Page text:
investigated in terms of microstructure and chemical composition using a combination of scanning
electron microscopy (SEM), X-ray diffraction (XRD) and energy disperse spectroscopy (EDS).
Experimental results showed that titanium/hydroxyapatite composite with controllable interface
could be made by choosing proper preparation method.
Abstract: α-tricalcium phosphate (α-TCP) was prepared by a wet precipitation reaction between
calcium hydroxide and orthophosphoric acid solutions. The as-synthesised powder was then
characterised using a Scanning Electron Microscope (SEM) equipped with Energy Dispersive
Spectroscope (EDS), X-ray Diffraction (XRD) and Fourier Transform Infrared Spectroscope (FTIR).
Analyses revealed that a phase-pure powder with a Ca/P ratio of 1.5 was produced. In addition,
nanosized α-TCP particles of diameter ~ 70 nm were agglomerated to form larger particles of 10μm
in diameter. It was found that by the combination of attritor milling and solution evaporation, the
agglomerates of α-TCP nanoparticles could be broken down, and distributed evenly within the
poly(D,L-lactic-co-glycolic acid) (PLGA) matrix. Thus, a α-TCP/PLGA nanocomposite was
successfully produced by a modified solution evaporation method at room temperature followed by
hot pressing at 150 °C. The achievable ceramic loading was approximately 38 wt.%, which was
confirmed by thermal gravimetric analysis (TGA).
Abstract: GTR treatment alone has not led to predictable new periodontal tissue reconstruction.
Recently, various types of tissue substitutes and alloplastic graft have been used in conjunction with
the GTR technique. The aim of this study was to evaluate whether nano-hydroxyapatite/Polylactic
acid (nHA/PLA) and bone-derived materials would be useful in the treatment of class II furcation, in
order to provide an ideal bone replacement material for periodontal treatment. Mucoperiosteal flap
was raised on the buccal aspects of the experimental teeth and class Ⅱ furcation defects were created
surgically on premolars of each quadrant in 3 dogs. The defects were randomly repaired with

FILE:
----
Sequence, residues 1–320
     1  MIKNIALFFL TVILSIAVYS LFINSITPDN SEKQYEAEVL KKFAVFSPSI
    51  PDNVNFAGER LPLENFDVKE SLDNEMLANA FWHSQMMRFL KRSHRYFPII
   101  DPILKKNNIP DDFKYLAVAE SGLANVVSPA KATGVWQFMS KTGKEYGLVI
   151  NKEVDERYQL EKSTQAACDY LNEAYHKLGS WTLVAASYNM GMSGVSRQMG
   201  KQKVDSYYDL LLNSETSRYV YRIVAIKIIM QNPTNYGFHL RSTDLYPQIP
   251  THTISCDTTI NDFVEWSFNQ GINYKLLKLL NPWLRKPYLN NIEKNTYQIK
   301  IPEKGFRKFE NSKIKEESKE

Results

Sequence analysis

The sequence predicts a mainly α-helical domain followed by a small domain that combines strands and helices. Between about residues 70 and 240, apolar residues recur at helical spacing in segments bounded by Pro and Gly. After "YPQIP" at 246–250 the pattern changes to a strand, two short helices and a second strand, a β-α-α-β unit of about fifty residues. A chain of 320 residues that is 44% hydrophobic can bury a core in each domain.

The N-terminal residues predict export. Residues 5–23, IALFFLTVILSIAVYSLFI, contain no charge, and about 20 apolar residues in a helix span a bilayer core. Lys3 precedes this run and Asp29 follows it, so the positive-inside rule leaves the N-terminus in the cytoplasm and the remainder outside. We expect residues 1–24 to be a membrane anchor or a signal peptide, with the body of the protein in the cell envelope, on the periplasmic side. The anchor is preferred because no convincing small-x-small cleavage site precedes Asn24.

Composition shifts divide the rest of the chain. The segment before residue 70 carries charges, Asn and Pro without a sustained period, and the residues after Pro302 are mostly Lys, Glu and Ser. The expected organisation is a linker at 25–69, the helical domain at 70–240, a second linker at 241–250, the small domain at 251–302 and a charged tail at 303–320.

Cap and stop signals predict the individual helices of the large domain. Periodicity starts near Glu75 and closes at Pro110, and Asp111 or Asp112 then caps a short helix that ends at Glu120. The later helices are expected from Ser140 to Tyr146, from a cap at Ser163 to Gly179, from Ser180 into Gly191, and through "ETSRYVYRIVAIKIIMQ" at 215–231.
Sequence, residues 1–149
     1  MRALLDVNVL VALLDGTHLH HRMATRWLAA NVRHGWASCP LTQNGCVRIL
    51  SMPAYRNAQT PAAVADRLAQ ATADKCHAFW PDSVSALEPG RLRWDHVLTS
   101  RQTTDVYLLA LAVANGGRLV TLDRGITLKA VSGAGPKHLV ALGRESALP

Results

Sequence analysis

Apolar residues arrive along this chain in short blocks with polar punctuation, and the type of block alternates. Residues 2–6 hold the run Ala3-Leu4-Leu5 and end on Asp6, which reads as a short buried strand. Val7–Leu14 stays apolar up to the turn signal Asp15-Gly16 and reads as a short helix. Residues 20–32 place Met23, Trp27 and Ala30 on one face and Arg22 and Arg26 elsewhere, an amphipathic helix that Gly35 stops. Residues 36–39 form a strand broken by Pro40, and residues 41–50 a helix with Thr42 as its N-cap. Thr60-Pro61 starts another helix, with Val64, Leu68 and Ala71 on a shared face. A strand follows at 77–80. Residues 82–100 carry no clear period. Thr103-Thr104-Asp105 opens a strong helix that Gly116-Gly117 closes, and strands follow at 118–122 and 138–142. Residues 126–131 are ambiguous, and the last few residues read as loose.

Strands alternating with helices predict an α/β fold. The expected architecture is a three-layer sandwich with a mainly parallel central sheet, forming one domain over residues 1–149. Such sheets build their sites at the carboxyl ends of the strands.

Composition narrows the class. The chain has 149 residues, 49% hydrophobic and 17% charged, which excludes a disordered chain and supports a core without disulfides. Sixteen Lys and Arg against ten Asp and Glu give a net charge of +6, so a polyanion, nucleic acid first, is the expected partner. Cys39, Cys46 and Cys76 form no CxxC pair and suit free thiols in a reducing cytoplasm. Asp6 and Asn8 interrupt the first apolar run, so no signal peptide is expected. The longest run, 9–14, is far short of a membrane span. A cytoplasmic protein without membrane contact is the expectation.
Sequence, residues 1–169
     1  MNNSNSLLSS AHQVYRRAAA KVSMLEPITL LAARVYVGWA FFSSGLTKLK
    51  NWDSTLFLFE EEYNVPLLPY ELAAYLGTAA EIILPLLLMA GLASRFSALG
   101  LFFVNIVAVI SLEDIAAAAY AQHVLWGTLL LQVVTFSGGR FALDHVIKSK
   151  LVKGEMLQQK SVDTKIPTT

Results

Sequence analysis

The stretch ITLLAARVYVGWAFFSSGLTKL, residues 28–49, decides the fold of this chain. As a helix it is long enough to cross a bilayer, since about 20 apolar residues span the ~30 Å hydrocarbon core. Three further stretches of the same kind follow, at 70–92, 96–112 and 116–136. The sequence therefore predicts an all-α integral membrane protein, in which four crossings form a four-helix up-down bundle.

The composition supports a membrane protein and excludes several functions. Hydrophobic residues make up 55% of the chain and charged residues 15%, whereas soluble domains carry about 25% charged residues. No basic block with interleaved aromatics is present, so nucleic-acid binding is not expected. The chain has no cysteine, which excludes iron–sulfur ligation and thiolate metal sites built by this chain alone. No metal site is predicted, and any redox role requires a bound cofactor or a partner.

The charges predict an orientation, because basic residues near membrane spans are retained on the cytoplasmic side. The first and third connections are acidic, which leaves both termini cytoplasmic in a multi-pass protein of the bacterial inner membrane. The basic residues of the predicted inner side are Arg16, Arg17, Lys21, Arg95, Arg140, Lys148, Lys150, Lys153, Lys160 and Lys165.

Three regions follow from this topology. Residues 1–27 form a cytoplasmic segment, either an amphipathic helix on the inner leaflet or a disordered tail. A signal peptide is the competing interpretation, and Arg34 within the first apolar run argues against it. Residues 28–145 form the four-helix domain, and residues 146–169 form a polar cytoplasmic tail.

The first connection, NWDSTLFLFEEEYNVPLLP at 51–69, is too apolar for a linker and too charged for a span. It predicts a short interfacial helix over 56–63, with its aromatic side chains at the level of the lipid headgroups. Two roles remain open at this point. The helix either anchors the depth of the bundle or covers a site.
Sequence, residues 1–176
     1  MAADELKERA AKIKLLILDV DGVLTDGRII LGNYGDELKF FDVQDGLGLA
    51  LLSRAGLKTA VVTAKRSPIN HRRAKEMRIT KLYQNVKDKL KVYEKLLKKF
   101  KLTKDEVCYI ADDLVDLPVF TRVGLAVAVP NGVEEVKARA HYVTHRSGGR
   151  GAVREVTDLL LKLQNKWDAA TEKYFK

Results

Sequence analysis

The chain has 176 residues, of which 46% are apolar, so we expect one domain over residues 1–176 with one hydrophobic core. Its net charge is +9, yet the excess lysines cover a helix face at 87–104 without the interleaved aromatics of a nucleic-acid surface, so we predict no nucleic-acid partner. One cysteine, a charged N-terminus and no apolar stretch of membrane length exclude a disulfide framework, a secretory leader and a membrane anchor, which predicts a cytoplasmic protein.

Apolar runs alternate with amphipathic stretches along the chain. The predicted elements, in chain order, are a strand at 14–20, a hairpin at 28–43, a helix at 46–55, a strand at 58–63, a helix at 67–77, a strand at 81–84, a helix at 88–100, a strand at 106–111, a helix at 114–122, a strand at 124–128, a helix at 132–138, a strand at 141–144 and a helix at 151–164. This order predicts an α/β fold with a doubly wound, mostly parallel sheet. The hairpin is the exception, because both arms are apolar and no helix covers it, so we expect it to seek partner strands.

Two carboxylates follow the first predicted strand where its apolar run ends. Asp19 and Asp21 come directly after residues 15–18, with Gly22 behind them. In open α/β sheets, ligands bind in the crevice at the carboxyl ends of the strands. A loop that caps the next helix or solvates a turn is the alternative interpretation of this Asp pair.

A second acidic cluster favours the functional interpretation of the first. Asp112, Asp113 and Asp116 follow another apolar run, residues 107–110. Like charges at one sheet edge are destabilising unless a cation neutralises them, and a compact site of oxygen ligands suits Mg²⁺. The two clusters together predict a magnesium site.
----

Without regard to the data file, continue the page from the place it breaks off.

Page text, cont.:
nHA/PLA and collagenic membrane, partially deproteinized bone (PDPB) and collagenic membrane.
Blank control group was stayed. Speciments obtained in 6 weeks were evaluated with general
observation, histological microscopic analysis. The specimens of the implanted groups exhibited
periodontal regeneration including newly formed cementum, periodontal ligament and new bone.
The new-formed bone area in sites receiving nHA/PLA and PDPB combined with collagen
membrane was greater than that in blank group.The new bone area in PDPB was smaller than that in
nHA/PLA. nHA/PLA would be better alternative for periodontal regeneration.
Abstract: Crystalline hydroxyapatite thin coatings have been prepared using a novel opposing RF
magnetron sputtering approach at room temperature. X-ray diffraction (XRD) analysis shows that
all the principal peaks are attributable to HA, and the as-deposited HA coatings are made up of
crystallites in the size range of 50-100nm. Fourier transform infrared spectroscopy (FTIR) studies
reveal the existence of phosphate, carbonate and hydroxyl groups, suggesting that HA coatings
are carbonated. Finally, in vitro cell culture experiments have demonstrated that murine osteoblast
cells attach and grow well on the as-sputtered coatings. These results encourage further studies of
hydroxyapatite thin coatings prepared by the opposing RF magnetron sputtering approach as a
promising candidate for next-generation bioimplant materials.
Abstract: A network-like porous layer on titanium was prepared by acid-etching with a mixture of
CaCl2 and HCl. The pores ranged from 1 to 10!m. The small pores distributed in big pores. In the
simulated biological environment, porous octacalcium phosphate (OCP) coatings spontaneously
formed on the porous- surfaced titanium. Pre-calcification after acid-etching accelerated OCP
precipitation. The OCP coatings had big pores of about 25!m and small pores of 1~3!m, the latter
distributed in the former at different depth.